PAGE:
Microsoft Dynamics CRM 2013: PBL
A number of commentators have mentioned that on first review many people miss one of these new features called portable business logic (PBL) — also known as Business Rules. Since we provide technology to organizations that manage business rules in their Dynamics CRM systems I took some time to explore this feature to understand it better. Specifically, I wanted to know when a customer should use it and when they should not.
Different Business Rules, Different Capabilities
Business rule technologies have different capabilities to support different types of business rules:
- Calculations and validations
- User interface rules
- Processes flow control
- Business decisions
PBL is intended for basic calculations, validations and user interface rules (hiding and showing fields, auto-filling values, etc.). And the workflow editor is great for controlling process flows. But when it comes to automating business decisions, an enterprise-grade Business Rule Management System (BRMS) is required.
Why Can’t I Use PBL for Automating Complex Decisions?
Great question. The main reason is that PBL was not intended for it. You can tell because if it was there would be if-then-else rules, decision tables, “or” statements, vocabulary, hundreds of functions, etc. Further you would have the ability to organize rules into related groups, versioning of rules and the ability to have one rule call other rules so you can create layers of logic. Finally you would have a way to safely test rules before publishing them.
Let’s walk through an example of how these functionality points assist with automating complex decisions…
Front-office and Customer-facing Applications
The front-office and customer-facing systems typically implemented on top of Dynamics CRM automate many business decisions. In the banking and financial industry, it could be eligibility for a mortgage; in the public sector, it could be benefits eligibility.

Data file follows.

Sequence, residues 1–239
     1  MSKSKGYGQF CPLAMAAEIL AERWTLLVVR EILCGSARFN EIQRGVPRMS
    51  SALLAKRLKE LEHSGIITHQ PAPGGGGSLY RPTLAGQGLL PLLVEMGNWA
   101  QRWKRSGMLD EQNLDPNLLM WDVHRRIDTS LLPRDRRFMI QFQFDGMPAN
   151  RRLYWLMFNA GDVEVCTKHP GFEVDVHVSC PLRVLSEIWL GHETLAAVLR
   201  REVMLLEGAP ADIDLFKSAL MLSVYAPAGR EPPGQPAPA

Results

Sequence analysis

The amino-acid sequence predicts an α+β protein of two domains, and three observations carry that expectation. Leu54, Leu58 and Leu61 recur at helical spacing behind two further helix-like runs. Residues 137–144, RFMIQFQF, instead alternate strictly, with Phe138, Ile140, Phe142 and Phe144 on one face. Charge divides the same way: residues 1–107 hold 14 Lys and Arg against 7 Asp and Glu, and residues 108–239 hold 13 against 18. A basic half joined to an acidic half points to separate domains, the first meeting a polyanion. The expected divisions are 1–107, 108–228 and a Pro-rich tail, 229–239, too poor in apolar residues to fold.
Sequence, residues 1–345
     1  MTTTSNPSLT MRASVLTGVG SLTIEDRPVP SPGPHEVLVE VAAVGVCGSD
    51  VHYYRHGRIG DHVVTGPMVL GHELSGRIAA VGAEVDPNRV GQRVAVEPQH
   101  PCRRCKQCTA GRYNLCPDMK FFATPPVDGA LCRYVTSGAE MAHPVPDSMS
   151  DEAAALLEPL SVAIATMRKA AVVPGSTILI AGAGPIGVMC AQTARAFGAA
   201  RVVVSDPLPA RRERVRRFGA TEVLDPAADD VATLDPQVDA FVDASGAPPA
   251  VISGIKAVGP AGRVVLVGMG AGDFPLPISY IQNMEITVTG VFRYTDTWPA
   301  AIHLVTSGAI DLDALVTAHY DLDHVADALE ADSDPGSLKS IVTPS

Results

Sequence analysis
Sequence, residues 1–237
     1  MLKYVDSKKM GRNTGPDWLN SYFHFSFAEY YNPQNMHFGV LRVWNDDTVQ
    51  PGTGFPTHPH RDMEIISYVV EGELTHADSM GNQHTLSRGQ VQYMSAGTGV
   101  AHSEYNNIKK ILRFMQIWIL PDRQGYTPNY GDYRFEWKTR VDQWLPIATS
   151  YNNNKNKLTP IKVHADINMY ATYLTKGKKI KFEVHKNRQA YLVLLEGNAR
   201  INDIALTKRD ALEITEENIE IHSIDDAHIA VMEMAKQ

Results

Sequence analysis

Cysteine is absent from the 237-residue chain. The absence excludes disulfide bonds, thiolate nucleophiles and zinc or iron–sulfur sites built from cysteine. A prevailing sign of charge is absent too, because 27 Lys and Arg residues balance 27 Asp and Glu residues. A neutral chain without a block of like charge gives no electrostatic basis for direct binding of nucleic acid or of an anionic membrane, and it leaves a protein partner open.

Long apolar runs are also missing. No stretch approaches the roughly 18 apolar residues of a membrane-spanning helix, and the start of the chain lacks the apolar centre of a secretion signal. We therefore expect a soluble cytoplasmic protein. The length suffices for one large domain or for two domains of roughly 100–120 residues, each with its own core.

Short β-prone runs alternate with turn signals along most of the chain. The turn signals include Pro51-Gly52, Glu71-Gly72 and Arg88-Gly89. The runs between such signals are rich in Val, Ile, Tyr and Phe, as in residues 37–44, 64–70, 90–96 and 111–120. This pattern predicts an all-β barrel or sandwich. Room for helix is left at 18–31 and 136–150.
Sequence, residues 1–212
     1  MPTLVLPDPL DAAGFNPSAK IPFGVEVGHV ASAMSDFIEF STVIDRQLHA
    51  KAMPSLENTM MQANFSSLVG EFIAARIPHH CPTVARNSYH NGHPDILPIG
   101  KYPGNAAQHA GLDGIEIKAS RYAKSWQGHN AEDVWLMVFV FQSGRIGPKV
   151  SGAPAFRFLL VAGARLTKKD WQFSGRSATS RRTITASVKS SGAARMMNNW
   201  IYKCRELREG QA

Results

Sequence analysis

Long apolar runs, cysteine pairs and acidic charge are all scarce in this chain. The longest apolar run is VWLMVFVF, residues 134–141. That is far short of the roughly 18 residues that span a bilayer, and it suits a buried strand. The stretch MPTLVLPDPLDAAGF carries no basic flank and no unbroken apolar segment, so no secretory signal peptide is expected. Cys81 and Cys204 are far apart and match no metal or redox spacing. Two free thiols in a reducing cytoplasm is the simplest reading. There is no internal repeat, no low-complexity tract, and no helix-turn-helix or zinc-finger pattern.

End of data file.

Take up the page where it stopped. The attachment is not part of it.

For a timely example, take health insurance sales. Sales are generated by salespeople in a call center using Microsoft Dynamics CRM as well as a self-service website backed by CRM. In both cases, the goal is to collect information about a customer to determine eligibility and the prices for various products.
To get an idea of the complexity involved, here is a real-world example…
If four or more of the following, then disqualify:
High Cholesterol, High Triglyceride, High Hyperlipidemia, Hypertension, Sleep Apnea, Smoker, BMI is over 30
Of course, “high” is a subjective term, which means there is another layer of vocabulary rules such as Triglycerides >= 200.
To go further, what if this is a family policy? You might want to run rules that determine eligibility for each family member (in a one-to-many relationship). If any one family member fails to qualify then the application is declined with a message explaining which family member caused disqualification and why. If all the members pass, then perhaps you would want to rate them individually and use a sum function to tabulate the total policy premium
Keeping up with Change
Based on data analysis, business conditions and experience, analysts constantly want to change these kinds of rules. With business language authoring, centralized storage and management and built-in testing tools, a BRMS allows the changes to be made directly by the analyst in hours or days. Without a BRMS, code changes often take months to implement through old-fashioned hard-coding. Enterprise-grade BRMS tools like InRule empower an organization’s key people to make more of an impact on its business by keeping up with change.
The InRule Technology team is networking this week at the eXtremeCRM Show in Anaheim.